Britain Has Broken International Law (Again)

Headlines about Britain’s involvement against ISIS have been splashed across newspapers as it emerged that British forces have been active in Syria, with this involvement shown to exist by the Ministry of Defence who yesterday confirmed that Ruhul Amin and Reyaad Khan had both been killed by British air-strikes in Syria. Although there remains an ethical debate around whether this is a role for drones in modern warfare, I believe that the issue around British involvement in Syria is fairly clear-cut: Britain has broken international law.

In 2003 Britain along with other Western nations took it upon themselves to invade Iraq and depose Saddam Hussein. What this did, despite being universally condemned as a catastrophic failure and an illegal war, was set a precedent that allowed Western nations to illegally invade countries without fear of legal repercussions. However, although it could be accurately argued that ISIS presents more of a threat to the UK than Saddam Hussein’s regime in 2003, the actual legal basis for British involvement in Syria is not only ‘shaky’, it’s non-existent.
Smiles over here made liberal interventionism the new normal.
Smiles McGee over here made liberal interventionism the new normal. (BBC)
According to international law Britain was legally allowed to attack ISIS in Iraq as the then Prime Minister Nouri al-Maliki and current PM Haider al-Abadi had called on assistance to attack ISIS. Because the Iraqi government had given permission to foreign nations to be in their territory Britain was able to become part of the NATO-led coalition against ISIS. However this doesn’t extend to fighting ISIS in Syria because Syrian despot Bashar al-Assad hasn’t requested support in fighting ISIS in the civil war he is currently engaged in; although the Syrian leadership has been condemned by the United Nations on many occasions, they remain a sovereign member of the organisation and as a consequence British involvement in the Syrian Civil War has no legal basis in this first regard.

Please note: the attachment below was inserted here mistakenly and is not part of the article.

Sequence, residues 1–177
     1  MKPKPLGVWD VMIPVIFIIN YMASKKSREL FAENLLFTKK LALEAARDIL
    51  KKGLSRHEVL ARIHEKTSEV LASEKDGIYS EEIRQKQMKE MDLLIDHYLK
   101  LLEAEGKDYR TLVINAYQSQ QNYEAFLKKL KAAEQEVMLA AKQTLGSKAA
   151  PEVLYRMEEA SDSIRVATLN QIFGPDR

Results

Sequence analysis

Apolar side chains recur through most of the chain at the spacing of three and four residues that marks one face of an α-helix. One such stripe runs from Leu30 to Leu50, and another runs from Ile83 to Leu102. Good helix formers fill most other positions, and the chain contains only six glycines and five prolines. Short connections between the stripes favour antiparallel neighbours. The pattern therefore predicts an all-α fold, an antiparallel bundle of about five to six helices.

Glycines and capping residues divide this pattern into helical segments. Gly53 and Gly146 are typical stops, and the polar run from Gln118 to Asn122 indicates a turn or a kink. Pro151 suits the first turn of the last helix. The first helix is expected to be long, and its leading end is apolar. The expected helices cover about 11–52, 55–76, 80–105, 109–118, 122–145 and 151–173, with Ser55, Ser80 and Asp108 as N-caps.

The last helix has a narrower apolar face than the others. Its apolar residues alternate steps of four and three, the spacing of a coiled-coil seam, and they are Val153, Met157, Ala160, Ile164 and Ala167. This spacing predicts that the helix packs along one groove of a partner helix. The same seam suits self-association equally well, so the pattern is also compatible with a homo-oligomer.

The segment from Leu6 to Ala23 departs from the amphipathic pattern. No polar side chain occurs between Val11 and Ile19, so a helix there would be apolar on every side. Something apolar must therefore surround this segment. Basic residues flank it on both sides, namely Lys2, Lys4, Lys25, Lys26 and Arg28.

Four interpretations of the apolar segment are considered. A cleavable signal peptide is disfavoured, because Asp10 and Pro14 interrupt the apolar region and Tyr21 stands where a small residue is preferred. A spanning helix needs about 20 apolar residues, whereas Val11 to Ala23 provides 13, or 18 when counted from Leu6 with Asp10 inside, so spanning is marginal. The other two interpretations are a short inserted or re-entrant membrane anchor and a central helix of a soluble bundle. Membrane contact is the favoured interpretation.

The only other way in which Britain and its allies could attack ISIS in Syria is if a motion was passed by the United Nations Security Council and a UN coalition was established as has happened in the past with the Korean War and the First Gulf War. Britain has openly admitted that it has taken part in military action in Syria which both violates the United Nations Charter and the will of the British Parliament which voted not to intervene in Syria in 2013. With no UNSC resolution passed to militarily fight against ISIS and no invitation to Western countries to take part in the Syrian Civil War from the Assad regime, Britain, I believe, has no legal grounds on which to be military involved in Syria.
The justification that Britain is using is stretching the definitions of what constitutes an attack on a country; if questioned any member of the government or MP that supports intervention will say that Britain has been attacked because of the ISIS-inspired attacks on British tourists in Tunisia and the brutal execution of aid worker Alan Henning, along with other attacks on Britain’s allies. This is in itself questionable as, although the attack occurred in Tunisia and targeted Europeans, Britain as an entity was not attacked; if Britain had been bombed by ISIS like on 7th July 2005, according to international law Britain would be legally entitled to retaliate but this was not the case with any of the attacks of which ISIS have claimed responsibility. By redefining an attack on a nation-state as an attack on the citizens of that nation-state, there are some legal complexities that arise as a result.